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Schopenhauer's Encounter with Indian ThoughtRepresentation and Will and Their Indian Parallels$
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Stephen Cross

Print publication date: 2013

Print ISBN-13: 9780824837358

Published to Hawaii Scholarship Online: November 2016

DOI: 10.21313/hawaii/9780824837358.001.0001

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Conclusions: Schopenhauer’s Will and Comparable Indian Ideas

Conclusions: Schopenhauer’s Will and Comparable Indian Ideas

(p.165) Chapter Thirteen Conclusions: Schopenhauer’s Will and Comparable Indian Ideas
Schopenhauer's Encounter with Indian Thought

Stephen Cross

University of Hawai'i Press

This chapter examines Arthur Schopenhauer’s doctrine of the will and its affinities with Indian philosophical ideas. It begins with a discussion of the arguments advanced by Schopenhauer and the Indian philosophers regarding the whole of material existence, the entire world of representation, the māyā of the Upanisads, the samsāra of later Hindu thought, and the parikalpita-svabāva of Yogācāra. It then considers how Schopenhauer and the Indians interpret what they deem to be an illusory world, along with the existence of a metaphysical force supporting the world-appearance and providing the basis out of which it comes into being. It also expounds on how the will and the causal body or store-consciousness relate to suffering and concludes with an analysis of the link between the doctrine of the will and the concept of śakti.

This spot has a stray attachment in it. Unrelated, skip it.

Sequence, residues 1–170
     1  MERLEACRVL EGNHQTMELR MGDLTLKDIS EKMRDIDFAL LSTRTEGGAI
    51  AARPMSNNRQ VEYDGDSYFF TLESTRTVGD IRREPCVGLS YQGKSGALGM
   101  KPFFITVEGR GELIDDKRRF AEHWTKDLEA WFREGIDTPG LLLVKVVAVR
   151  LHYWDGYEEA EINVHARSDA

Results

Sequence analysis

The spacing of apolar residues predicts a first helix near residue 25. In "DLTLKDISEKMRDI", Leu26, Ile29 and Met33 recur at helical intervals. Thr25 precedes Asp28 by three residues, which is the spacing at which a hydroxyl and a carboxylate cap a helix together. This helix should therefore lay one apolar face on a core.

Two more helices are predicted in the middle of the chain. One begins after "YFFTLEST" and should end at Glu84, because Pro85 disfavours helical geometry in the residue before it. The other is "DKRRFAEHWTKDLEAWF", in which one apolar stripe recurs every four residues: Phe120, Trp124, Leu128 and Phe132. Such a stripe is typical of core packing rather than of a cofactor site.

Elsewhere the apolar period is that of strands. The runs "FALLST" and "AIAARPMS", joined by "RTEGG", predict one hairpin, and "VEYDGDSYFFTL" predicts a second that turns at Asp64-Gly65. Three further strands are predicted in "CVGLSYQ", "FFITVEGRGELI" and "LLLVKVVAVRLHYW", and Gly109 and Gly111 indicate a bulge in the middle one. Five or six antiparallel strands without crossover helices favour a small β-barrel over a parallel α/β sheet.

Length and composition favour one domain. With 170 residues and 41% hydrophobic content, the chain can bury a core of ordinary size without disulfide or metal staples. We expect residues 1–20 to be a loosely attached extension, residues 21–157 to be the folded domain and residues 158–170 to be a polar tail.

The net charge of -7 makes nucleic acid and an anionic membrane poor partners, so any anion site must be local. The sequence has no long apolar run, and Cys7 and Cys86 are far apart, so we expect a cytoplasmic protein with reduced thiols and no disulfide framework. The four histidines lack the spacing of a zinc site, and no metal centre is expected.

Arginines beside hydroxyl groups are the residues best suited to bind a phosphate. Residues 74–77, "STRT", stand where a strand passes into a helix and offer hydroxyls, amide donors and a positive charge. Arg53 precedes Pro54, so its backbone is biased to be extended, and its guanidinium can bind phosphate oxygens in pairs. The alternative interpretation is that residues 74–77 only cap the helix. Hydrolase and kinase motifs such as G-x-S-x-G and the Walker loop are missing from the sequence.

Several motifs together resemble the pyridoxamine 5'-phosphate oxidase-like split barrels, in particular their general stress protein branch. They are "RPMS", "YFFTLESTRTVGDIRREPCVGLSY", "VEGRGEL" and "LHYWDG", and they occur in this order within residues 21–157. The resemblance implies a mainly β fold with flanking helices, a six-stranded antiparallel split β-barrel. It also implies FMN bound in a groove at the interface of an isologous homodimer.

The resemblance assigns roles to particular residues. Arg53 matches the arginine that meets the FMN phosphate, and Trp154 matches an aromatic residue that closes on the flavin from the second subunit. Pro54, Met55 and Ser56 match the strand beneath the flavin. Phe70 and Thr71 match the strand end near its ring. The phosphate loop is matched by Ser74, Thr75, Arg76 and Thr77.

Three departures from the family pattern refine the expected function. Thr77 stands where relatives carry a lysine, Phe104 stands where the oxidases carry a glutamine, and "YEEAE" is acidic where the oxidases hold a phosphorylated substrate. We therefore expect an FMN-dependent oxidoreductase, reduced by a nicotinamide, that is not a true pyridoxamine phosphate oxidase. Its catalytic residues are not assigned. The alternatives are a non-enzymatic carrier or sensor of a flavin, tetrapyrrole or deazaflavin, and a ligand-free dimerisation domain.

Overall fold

Keywords:   will, Arthur Schopenhauer, samsāra, parikalpita-svabāva, metaphysical force, material existence, causal body, representation, suffering, śakti

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